US talks of freezing assets of Iran's central bank

State Department and Treasury officials express support for "properly designed and targeted sanctions" on Iran's central bank.

December 1, 2011 20:20
2 minute read.
Iranian flag at embassy in Britain

Iran flag at Britain embassy 311 R. (photo credit: REUTERS/Stringer .)


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WASHINGTON - Top US officials revived talk on Thursday of sanctioning Iran's central bank but made clear they would only seek to do so in a carefully calibrated way so as not to roil oil markets or harm US allies.

The position, laid out by senior US State and Treasury Department officials, set up a clash with US senators who favor requiring sanctions on foreign financial institutions that do business with Iran's central bank.

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"We are committed to taking action against the CBI (Central Bank of Iran) to freeze its assets, to work with our allies to have them take a similar action, and to work with our allies to encourage them to take the steps that they have already indicated a willingness to consider, which is to ramp down their involvement with the CBI and their purchases of Iranian oil," Under Secretary of Treasury for Terrorism and Financial Intelligence David Cohen told US lawmakers.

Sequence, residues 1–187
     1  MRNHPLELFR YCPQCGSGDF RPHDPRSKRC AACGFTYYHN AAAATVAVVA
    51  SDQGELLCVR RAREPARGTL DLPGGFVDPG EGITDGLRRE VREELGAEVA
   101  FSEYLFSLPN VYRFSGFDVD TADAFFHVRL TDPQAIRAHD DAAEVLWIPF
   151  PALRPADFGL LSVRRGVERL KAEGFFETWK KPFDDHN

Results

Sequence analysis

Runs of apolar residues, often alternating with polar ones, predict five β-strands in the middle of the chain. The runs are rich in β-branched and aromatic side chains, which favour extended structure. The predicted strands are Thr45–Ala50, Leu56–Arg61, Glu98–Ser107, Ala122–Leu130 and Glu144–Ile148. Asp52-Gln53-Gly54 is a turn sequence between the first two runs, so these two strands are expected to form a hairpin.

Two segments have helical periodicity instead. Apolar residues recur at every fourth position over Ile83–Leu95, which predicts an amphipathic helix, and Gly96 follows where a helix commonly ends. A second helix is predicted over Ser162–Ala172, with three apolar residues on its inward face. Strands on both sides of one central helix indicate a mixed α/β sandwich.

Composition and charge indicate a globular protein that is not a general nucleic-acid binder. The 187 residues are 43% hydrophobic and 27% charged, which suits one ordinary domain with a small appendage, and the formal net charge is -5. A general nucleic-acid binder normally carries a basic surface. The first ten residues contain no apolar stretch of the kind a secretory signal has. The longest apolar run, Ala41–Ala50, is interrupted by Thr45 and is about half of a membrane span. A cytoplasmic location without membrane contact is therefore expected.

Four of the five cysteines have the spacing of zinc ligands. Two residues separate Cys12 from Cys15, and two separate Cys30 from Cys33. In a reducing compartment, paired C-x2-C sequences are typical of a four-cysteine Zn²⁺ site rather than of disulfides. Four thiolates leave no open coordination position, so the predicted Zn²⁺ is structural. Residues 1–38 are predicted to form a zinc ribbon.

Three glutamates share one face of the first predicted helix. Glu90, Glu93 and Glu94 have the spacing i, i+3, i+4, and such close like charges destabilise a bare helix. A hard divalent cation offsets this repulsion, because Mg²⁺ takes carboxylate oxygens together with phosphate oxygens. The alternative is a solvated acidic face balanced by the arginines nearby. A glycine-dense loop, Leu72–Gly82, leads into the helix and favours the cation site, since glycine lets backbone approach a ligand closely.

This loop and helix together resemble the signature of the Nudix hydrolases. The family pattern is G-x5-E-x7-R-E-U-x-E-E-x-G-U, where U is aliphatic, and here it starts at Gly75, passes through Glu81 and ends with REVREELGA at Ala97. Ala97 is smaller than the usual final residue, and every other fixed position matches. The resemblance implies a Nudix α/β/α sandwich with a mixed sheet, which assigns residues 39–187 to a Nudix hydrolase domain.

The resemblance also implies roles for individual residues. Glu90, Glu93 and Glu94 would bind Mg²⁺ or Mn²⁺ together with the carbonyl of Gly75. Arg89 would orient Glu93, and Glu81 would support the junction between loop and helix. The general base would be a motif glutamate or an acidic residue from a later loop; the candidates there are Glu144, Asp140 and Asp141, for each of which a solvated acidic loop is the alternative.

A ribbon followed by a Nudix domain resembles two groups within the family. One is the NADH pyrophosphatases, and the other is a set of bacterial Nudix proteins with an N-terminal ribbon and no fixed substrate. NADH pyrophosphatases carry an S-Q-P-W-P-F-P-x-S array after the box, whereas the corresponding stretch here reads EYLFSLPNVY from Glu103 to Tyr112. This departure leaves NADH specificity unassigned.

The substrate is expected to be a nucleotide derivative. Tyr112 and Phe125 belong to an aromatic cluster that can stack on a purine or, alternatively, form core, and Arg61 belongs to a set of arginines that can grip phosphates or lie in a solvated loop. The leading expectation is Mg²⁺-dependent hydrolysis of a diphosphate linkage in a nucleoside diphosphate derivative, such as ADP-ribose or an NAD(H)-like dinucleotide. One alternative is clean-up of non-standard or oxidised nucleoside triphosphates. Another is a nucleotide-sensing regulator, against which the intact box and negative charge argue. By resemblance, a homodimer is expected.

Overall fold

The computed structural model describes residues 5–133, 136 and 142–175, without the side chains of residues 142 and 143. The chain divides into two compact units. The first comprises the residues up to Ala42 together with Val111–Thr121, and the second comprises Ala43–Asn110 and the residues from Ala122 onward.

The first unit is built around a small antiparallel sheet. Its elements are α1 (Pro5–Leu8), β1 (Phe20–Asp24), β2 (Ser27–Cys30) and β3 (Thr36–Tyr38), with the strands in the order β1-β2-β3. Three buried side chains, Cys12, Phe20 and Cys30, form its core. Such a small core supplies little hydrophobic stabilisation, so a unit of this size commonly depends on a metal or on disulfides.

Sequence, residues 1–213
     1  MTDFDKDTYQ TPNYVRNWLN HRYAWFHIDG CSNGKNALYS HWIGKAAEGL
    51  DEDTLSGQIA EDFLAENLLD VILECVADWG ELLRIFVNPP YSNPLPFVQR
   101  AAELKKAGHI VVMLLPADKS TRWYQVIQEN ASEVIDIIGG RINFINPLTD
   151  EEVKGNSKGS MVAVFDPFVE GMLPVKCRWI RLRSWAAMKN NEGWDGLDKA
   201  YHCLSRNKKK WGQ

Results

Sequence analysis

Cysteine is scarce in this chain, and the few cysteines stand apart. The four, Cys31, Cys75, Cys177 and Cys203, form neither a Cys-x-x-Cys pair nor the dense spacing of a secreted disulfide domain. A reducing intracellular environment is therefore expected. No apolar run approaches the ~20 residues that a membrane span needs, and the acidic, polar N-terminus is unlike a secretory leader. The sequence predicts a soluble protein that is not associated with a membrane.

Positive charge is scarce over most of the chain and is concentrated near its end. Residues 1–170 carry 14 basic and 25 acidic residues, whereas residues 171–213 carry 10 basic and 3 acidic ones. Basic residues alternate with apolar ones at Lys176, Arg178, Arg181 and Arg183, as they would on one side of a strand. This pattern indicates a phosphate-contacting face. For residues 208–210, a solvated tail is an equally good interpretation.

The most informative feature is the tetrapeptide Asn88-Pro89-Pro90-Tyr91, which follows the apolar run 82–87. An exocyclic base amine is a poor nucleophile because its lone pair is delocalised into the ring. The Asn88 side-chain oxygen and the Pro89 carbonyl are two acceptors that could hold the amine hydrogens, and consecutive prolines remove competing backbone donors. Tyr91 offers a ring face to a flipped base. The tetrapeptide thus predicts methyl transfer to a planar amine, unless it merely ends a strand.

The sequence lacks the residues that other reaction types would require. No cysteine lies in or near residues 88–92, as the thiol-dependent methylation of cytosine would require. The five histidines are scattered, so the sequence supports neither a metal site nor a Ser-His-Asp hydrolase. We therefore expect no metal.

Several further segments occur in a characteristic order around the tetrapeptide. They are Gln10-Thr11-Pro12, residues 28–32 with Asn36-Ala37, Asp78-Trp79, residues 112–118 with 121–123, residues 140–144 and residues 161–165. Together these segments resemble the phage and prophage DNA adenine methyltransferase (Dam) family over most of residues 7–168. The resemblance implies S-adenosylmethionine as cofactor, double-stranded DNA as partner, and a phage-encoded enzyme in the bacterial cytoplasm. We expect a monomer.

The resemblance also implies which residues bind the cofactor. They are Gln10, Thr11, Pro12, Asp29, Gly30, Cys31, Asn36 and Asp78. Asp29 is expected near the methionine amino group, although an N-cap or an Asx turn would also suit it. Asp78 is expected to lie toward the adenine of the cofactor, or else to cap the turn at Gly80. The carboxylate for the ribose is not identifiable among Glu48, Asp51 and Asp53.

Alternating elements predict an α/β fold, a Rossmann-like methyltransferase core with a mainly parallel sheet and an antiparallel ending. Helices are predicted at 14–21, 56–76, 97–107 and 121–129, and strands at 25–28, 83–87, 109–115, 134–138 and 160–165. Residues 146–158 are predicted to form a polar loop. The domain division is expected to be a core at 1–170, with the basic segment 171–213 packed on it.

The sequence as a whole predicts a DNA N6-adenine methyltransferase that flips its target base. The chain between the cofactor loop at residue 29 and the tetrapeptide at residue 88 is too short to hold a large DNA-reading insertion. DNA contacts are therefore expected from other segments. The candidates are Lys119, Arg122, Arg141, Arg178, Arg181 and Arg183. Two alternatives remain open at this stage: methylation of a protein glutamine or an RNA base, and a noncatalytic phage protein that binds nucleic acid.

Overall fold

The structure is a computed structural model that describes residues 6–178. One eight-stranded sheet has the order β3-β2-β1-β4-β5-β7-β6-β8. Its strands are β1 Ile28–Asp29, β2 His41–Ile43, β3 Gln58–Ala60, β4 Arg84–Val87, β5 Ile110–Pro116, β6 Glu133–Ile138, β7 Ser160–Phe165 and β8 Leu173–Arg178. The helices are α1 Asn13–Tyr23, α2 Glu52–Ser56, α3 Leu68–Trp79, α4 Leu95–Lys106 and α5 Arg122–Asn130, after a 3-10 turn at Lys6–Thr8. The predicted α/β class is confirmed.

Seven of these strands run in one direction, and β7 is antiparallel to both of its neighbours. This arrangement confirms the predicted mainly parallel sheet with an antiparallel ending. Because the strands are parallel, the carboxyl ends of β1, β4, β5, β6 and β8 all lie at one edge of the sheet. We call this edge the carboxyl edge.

The United States already bars its own banks from dealing with the central bank of Iran, so US sanctions would operate by dissuading other foreign banks from doing so, chiefly with the threat of cutting them off from the US financial system.

On Nov. 21, the United States, Britain and Canada announced new sanctions on Iran's energy and financial sectors, but the Obama administration stopped short of targeting Iran's central bank, a step that US officials said could send oil prices skyrocketing and jeopardized global economic recovery.

"We are already looking forward to what comes next. Iran's greatest economic resource is clearly its oil exports. Sales of crude oil line the regime's pockets, sustain its human rights abuses, and feed its nuclear ambitions like no other sector of the Iranian economy," US Under Secretary of State Wendy Sherman said in testimony before a US Senate committee.

"The Obama administration strongly supports increasing the pressure on Iran, and that includes properly designed and targeted sanctions against the central bank of Iran, appropriately timed as part of a carefully phased and sustainable policy towards bringing about Iranian compliance with its obligations," she added.

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